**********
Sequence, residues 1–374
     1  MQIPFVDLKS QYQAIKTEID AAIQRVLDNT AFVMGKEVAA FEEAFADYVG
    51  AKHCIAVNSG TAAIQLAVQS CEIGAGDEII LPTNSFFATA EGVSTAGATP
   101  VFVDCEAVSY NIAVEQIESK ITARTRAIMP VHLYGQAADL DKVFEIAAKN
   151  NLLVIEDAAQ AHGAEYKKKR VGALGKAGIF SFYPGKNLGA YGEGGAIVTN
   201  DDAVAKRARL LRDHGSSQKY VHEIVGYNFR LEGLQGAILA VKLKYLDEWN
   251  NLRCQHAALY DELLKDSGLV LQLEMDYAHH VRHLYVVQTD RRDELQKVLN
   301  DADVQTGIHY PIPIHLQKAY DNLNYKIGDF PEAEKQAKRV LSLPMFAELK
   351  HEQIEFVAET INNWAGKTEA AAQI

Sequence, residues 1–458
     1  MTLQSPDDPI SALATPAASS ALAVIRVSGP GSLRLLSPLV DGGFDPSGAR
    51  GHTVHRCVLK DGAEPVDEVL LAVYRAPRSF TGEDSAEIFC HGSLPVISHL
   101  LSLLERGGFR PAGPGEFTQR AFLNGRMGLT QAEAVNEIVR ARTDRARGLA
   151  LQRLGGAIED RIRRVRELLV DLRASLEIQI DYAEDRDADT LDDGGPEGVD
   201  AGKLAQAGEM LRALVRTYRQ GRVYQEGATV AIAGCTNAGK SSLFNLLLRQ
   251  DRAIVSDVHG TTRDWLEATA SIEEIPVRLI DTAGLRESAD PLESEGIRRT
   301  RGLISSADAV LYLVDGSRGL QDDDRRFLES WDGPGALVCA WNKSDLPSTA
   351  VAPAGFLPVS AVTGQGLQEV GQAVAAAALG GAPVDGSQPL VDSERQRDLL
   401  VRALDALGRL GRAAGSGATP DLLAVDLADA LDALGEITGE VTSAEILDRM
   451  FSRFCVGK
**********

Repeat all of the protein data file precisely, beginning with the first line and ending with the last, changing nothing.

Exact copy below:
Sequence, residues 1–374
     1  MQIPFVDLKS QYQAIKTEID AAIQRVLDNT AFVMGKEVAA FEEAFADYVG
    51  AKHCIAVNSG TAAIQLAVQS CEIGAGDEII LPTNSFFATA EGVSTAGATP
   101  VFVDCEAVSY NIAVEQIESK ITARTRAIMP VHLYGQAADL DKVFEIAAKN
   151  NLLVIEDAAQ AHGAEYKKKR VGALGKAGIF SFYPGKNLGA YGEGGAIVTN
   201  DDAVAKRARL LRDHGSSQKY VHEIVGYNFR LEGLQGAILA VKLKYLDEWN
   251  NLRCQHAALY DELLKDSGLV LQLEMDYAHH VRHLYVVQTD RRDELQKVLN
   301  DADVQTGIHY PIPIHLQKAY DNLNYKIGDF PEAEKQAKRV LSLPMFAELK
   351  HEQIEFVAET INNWAGKTEA AAQI

Sequence, residues 1–458
     1  MTLQSPDDPI SALATPAASS ALAVIRVSGP GSLRLLSPLV DGGFDPSGAR
    51  GHTVHRCVLK DGAEPVDEVL LAVYRAPRSF TGEDSAEIFC HGSLPVISHL
   101  LSLLERGGFR PAGPGEFTQR AFLNGRMGLT QAEAVNEIVR ARTDRARGLA
   151  LQRLGGAIED RIRRVRELLV DLRASLEIQI DYAEDRDADT LDDGGPEGVD
   201  AGKLAQAGEM LRALVRTYRQ GRVYQEGATV AIAGCTNAGK SSLFNLLLRQ
   251  DRAIVSDVHG TTRDWLEATA SIEEIPVRLI DTAGLRESAD PLESEGIRRT
   301  RGLISSADAV LYLVDGSRGL QDDDRRFLES WDGPGALVCA WNKSDLPSTA
   351  VAPAGFLPVS AVTGQGLQEV GQAVAAAALG GAPVDGSQPL VDSERQRDLL
   401  VRALDALGRL GRAAGSGATP DLLAVDLADA LDALGEITGE VTSAEILDRM
   451  FSRFCVGK